• Relationships

365 Days In Paris: An Affair To Remember

For all women, there are universal female experiences that rank inevitably high on the embarrassment scale. Try, for example:

  • “Price check. Can I get a price check on a box of Ultra Heavy Flow Tampax tampons?”
  • “Uh, babe, did you just queef?”
  • “I can see your days of the week underwear through that skirt, and just so you know, it’s not Thursday.”

Try having a female problem in a foreign country and you’ll multiply any of your shame times 10 …I’m not proud of the story I’m about to tell, but I think it highlights some of the difficulties of being a woman in France, and if nothing else, it has taught me a good lesson.

Last week, I hosted an ex-boyfriend who was passing through town for business. Well, to be more accurate, he’s a longtime friend who I once became romantically involved with over a period of a few months. While it lasted, he was actually a really great boyfriend, but we never got to the super, super serious level because we both knew our lives were going in different directions—he was moving away for grad school and I knew I wanted to leave NYC too. So when he emailed me last month asking if he could stay a few days, I didn’t hesitate to tell him yes, figuring that the way things were going, I’d probably still be single by the time he rolled into town. And, I told myself, it would be nice to have a little fling.

It could have been because we’re so comfortable together, although more likely had something to do with the two bottles of wine we downed, but on his last night here, we were a bit, uh, careless. (To be fair, we did have an ever-so-brief, in-the-heat-of-the-moment “I’m healthy, I keep up on my tests” thing, and towards the end, he, um, you know … ) Anyhow, like I said, I’m generally a very safe person, and I’m not proud of being reckless—although it wasn’t as reckless as it could have been. Still, I woke up in the morning disappointed in myself and paranoid, so I went out to the pharmacy to get the morning-after pill.

The only other time I’ve had to take the morning-after pill was actually in France, when I was studying here and had a broken condom experience with the guy I was dating. At that time, Plan B was available in the States only by prescription, so I was amazed at how simple and easy it was to get here. I had breezed into an empty pharmacy and the female clerk behind the counter handed over a packet without so much as a word, and it only cost me about 5 Euros.

When I walked into my local pharmacy yesterday, my heart started nervously beating when I saw the set-up and crowd in there. About 10 people were huddled around three different counters, no one really making any sensible line (meaning little privacy) and all the clerks were male. To make matters worse, they were all hot males. I thought briefly about trying to go somewhere else but realized that at 7:45 p.m. on a Sunday, I only had a 15-minute window to make this happen. I picked the least attractive of the three guys and waited my turn (only to have an old woman breathing on my neck a mere foot away). In a soft voice, I asked him for la pilule de lendemain, stumbling a bit over my words.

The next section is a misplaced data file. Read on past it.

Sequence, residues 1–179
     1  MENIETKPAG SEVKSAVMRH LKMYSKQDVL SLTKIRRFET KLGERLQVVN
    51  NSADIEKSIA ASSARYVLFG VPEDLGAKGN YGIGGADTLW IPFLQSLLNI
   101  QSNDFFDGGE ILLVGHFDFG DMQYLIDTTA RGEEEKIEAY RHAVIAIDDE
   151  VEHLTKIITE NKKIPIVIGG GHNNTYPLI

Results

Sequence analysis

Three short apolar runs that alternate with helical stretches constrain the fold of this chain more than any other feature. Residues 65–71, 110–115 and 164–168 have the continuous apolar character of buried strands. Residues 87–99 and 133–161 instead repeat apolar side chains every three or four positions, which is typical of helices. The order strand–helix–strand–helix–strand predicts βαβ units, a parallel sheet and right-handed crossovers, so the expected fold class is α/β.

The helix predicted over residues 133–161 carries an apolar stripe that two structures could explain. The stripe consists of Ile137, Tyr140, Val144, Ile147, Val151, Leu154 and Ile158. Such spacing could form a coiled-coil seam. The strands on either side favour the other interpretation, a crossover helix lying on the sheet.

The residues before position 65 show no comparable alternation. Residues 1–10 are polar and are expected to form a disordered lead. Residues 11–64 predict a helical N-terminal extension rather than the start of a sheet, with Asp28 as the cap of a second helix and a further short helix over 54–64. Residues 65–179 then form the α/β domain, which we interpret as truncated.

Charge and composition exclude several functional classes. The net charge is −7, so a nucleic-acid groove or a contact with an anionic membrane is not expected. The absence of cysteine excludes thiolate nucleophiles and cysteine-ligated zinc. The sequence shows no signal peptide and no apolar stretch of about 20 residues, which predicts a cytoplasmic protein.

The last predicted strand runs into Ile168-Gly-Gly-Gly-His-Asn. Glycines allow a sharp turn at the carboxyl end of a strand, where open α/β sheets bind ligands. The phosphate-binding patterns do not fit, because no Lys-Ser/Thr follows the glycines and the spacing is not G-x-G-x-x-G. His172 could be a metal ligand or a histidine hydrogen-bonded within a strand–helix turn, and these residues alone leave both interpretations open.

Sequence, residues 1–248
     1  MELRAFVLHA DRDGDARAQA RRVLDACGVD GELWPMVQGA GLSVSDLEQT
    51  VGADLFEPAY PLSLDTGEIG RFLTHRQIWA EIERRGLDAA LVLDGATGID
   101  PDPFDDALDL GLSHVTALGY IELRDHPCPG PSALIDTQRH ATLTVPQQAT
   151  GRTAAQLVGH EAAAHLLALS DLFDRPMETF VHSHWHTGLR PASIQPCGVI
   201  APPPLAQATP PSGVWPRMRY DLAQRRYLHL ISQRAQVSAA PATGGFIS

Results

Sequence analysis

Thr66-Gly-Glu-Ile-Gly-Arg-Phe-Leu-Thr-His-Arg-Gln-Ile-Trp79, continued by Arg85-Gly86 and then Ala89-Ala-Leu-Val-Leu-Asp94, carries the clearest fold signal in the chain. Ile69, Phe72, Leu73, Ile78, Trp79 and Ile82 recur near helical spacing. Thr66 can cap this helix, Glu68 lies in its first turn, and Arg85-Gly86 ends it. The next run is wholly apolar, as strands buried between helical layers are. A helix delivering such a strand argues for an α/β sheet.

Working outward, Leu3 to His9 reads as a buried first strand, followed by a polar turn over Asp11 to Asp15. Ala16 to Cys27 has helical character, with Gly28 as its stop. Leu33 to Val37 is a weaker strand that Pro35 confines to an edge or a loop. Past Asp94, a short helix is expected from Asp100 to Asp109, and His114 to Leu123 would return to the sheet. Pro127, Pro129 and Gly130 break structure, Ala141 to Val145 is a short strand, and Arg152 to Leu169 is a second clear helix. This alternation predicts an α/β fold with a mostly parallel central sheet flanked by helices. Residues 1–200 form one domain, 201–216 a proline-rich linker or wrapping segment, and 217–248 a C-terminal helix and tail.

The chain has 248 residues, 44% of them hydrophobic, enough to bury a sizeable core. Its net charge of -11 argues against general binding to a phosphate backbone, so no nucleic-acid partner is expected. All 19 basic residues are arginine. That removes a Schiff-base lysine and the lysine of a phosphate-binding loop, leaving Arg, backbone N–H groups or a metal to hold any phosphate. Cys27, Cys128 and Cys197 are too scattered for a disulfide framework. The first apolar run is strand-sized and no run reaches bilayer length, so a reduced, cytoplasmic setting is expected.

“Pardon?” he asked.

Like an ass, I had to repeat myself louder, but suddenly forgot the translation. “La, uh, pil—pilule … ”

“La laskdfjalskdjfasd?” he asked. I had no idea what he said.

“Non. LA PILULE DE LENDEMAIN.” Two heads turned. Oh my God, I am starring in a rom-com.

This time he understood me and moved to the shelves to talk to a colleague. He came back empty-handed.

“I actually can’t give it to you, so you have to ask another pharmacist.” (I think he said something about being in training and only able to administer certain drugs—he did look especially young.)

So I queued up at the adjacent register and waited my turn for—just my luck—the absolute hottest pharmacist. We’re talking Ashton Kutcher good looks. Blushing, I made my request (in as loud a voice as I dared) for the second time. Thankfully, he returned with a slim box and began ringing me up. I was shocked when he started in on a small lecture. I’d want to take this right away, he told me, and be more prepared by having birth control on hand next time, or not skipping my birth control pills in case I was on them. And of course, he said none of this in a discreet voice.

There was nothing else I could do but say, “OK, thank you,” feeling as if I were responding with a promise to some authoritative command. Disgusted, I snatched the box off the counter, and high-tailed it out of there, still clutching a fist full of bills and coins in one hand.

Lesson learned.

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